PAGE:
Tuesday, November 9, 2010 arrived with a clear early morning that promised to become a chilly, sunny, and typically autumn day. I zipped my coat, buckled my helmet strap, unlocked my bike, and headed off to work. A few minutes later, a garbage truck crossed a bike lane to make a right turn. I was in that bike lane. The tires of the truck crushed my left leg and caused other internal injuries. An amazing team of trauma surgeons saved my life, but they had to amputate my leg to do so.

The journey of a thousand miles begins with one step. Confucius.

In July 2011, I set off to walk a thousand miles as an above-knee amputee in my new prosthesis. The journey has held more twists, turns, and detours than I ever imagined.

I reached Mile 1000 on March 30, 2013.

But of course, that wasn't the end.

I'll keep walking!

Sunday, May 5, 2013

Say What???

Mile Marker 1050:

In a certain public restroom in a Center City office building, I'm about to enter The Twilight Zone.   

Come with me.  You don't want to miss this.

At first glance, the place is unassuming.   Ancient tiles line the walls.  Rusty radiators fill the corners.  The stalls are worn-looking, white-washed one too many times.

I nod hello to the only spark of color -- a redheaded cleaning woman.

She’s petite with short hair and glasses.  For a second, she reminds me of my mom.  An extremely short second.

“What happened??!” she exclaims. “Ya broke your leg??!”  Her voice is like a very nasal duck.

As you've probably guessed, I'm wearing shorts.

“Um, something like that,” I mumble, closing the stall door behind me.  Not that it matters.

She continues quacking.  “I saw this story on the internet about a dog that had only 2 legs.  They were gonna euthanize it, but then someone wanted to adopt it.  And ya know what?  They taught it to walk on JUST 2 LEGS!  Isn’t that great?!?”

“Yeah,” I say, tugging up my shorts as quick as I can.

I come out to the sink to wash my hands.  The woman's quiet now, dusting along the radiator covers.

“Well, have a nice day,” I say, turning to leave.

“See ya later, HOP-A-LONG!” she quacks.

(Really, she called me that!  You think I could make this stuff up??)

Last week, I came upon this quote in a magazine:

Our bodies are apt to be our autobiographies.
--Frank Gelett Burgess

I thought first of tattoos -- like that guy from the movie Memento, who inked his body with memories, pieces of his life he couldn’t keep in his head.  

I’ve never been one for tattoos or body piercings.  I’ve never stood out with crazy hair colors or over-the-top styles.  

But spring has sprung.  Suddenly my Genium’s getting more airtime.
 It puts my story out there -- for anyone to see.

Earlier that day as I’m buying groceries in the supermarket, I reach up to grab a roll of paper towels.  There’s a gasp behind me.


It’s a little boy, about 6.  His eyes are huge.  Aimed directly at my Genium.

Mortified, his grandmother tries to steer him -- and her cart -- around me.

But I smile at them.  “You see my robot leg?” I say.  I’ve had this conversation so many times, it’s literally kid’s stuff!

He nods earnestly. “I saw one of those on TV!” he says proudly.

I know where this conversation's going.  We're about to discuss the latest Transformers episode.  But Grandma has other ideas.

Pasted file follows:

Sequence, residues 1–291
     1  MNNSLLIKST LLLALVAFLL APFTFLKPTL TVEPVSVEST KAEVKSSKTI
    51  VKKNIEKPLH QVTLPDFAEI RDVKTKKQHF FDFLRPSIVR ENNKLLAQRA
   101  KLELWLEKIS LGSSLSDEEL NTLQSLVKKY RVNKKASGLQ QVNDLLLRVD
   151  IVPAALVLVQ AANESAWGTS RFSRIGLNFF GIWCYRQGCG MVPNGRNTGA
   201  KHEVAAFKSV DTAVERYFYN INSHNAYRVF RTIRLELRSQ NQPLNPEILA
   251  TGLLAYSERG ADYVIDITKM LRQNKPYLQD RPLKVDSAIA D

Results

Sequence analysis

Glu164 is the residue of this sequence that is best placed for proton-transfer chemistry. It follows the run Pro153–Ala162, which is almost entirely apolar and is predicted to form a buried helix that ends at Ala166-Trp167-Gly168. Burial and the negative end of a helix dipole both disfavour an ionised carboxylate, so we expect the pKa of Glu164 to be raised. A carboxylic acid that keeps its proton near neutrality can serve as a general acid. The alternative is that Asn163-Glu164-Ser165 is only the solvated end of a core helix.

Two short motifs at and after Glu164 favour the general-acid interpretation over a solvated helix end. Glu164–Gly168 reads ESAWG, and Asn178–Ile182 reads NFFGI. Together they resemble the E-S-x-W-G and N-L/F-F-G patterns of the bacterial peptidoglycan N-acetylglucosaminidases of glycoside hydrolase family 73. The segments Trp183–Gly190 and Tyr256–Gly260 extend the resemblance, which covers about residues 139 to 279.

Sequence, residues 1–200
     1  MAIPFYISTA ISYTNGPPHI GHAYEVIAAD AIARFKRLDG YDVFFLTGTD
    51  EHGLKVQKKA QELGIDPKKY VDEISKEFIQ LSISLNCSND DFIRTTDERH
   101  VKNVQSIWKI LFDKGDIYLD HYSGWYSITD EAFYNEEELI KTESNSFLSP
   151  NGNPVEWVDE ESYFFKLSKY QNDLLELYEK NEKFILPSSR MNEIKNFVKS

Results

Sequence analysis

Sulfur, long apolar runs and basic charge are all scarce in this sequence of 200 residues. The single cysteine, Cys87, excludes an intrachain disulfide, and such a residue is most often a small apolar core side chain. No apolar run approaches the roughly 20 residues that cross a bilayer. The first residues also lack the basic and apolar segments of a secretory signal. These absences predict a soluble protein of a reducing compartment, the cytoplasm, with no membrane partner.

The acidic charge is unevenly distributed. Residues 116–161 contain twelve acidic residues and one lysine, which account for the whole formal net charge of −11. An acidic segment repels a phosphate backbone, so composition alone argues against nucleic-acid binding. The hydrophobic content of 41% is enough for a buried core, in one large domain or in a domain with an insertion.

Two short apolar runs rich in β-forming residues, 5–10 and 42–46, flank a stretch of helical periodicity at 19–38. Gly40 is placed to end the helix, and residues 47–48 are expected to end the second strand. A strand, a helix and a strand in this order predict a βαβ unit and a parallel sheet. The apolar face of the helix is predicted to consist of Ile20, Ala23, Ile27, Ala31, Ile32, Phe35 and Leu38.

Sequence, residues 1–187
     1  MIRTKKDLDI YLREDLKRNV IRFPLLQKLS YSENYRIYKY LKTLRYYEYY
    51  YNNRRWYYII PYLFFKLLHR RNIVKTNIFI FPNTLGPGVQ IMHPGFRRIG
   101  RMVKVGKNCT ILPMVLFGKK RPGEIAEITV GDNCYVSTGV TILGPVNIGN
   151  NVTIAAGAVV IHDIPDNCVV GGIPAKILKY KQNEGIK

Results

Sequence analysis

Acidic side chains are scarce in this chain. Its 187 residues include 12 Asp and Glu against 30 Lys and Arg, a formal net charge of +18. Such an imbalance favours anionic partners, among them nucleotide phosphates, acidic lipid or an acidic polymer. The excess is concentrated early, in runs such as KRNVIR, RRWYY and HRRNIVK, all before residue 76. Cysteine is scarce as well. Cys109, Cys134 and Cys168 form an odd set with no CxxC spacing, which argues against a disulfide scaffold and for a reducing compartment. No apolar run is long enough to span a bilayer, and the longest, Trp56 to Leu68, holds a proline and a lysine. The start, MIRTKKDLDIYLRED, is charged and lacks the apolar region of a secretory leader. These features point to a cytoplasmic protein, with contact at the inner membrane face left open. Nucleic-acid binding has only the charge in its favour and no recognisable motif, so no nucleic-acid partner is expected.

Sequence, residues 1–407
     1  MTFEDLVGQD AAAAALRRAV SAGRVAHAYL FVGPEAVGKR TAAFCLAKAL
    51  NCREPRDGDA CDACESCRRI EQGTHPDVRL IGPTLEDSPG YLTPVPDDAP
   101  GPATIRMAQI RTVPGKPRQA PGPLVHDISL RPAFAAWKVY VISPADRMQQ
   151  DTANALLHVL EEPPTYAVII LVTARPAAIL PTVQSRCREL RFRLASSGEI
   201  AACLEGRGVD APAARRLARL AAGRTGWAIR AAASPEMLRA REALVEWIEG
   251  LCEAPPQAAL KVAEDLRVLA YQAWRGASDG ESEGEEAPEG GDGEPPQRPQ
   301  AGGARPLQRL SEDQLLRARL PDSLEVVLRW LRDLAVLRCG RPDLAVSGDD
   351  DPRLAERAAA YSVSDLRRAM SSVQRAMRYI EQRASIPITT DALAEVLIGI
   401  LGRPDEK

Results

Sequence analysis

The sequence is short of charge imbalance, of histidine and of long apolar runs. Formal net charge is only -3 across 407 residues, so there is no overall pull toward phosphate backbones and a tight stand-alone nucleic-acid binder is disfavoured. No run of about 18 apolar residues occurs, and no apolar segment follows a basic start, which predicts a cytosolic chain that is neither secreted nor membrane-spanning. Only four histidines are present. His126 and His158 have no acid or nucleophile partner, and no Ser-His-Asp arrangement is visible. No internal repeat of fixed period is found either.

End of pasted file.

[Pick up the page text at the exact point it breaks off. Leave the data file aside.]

As she drags him past the detergent, the little boy cranes his neck.  “Coooool!” he yells to me over his shoulder.

When I pass them again in the dairy aisle, we share a secret smile.

It’s just one of those days.  Everywhere I go, people have something to say.  Nothing horrible or scary.  It's just strange how all the comments pile up in the span of a few hours.  How the dialogues tattoo themselves on my mind.

Later in the evening, I turn into the parking lot of my building.

But I haven’t pulled close enough to the gate scanner.  So I open the door and stick the left side of my body out of the car to reach.  The gate buzzes open.

I notice two guys, neighbors, watching me from the sidewalk.  They’re friendly.  I’ve talked to them before -- I realize now, probably in jeans.

“What do you have, a leg brace or something?” one calls out.  He comes over for a closer look.

“It’s a prosthesis,” I say.  

He peers in through the open car door, where I’m getting my Genium situated again.  “My buddy has the same one,” he says.

This is highly unlikely, but I don’t say so.

He’s clearly impressed.  “You could be in the Olympics with that!” he tells me.  No sarcasm at all.

“I’m not so sure,” I answer.  “I don’t think my right leg could be in the Olympics.”

At that, he and his buddy both laugh.

The gate closes again, so my neighbor pulls a key fob out of his own wallet.  “Here you go,” he says, waving it in front of the scanner.


I finally drive in, rolling my eyes.  Checking the rear view mirror for a FULL MOON.

Don’t get me wrong.  I love spring, and I'm excited for summer. 

I can’t wait to test out my shiny new water leg!  I can't wait for the toes of my right foot to touch the sand again!

But I do have a body that reads like an open book.

One leg wears a prosthesis; the other has scars from surgery and a skin graft.  My middle section tells a story all its own.  (Remember Australia, A Bump in the Road, and Stitch(es) in Time?)

“Scars are tattoos of the brave,” a wise nurse once told me.  If it's true, I've got more than 15 marks of valor.

Good thing.  'Cause SHORTS SEASON is upon us...  
and there’s nowhere to hide!

You've gotta hear it to believe it...
Josh Sundquist, one of my favorite "famous" amputees, tells his own strange story:


  1. Thanks for the giggle at your expense, HOP-A-LONG!

  2. Watched Josh's video. No, its not like a bad haircut. What struck me most in this blog is, "I can't wait to for the toes of my right foot to touch the sand again." I know much you enjoy the beach. It will be soon!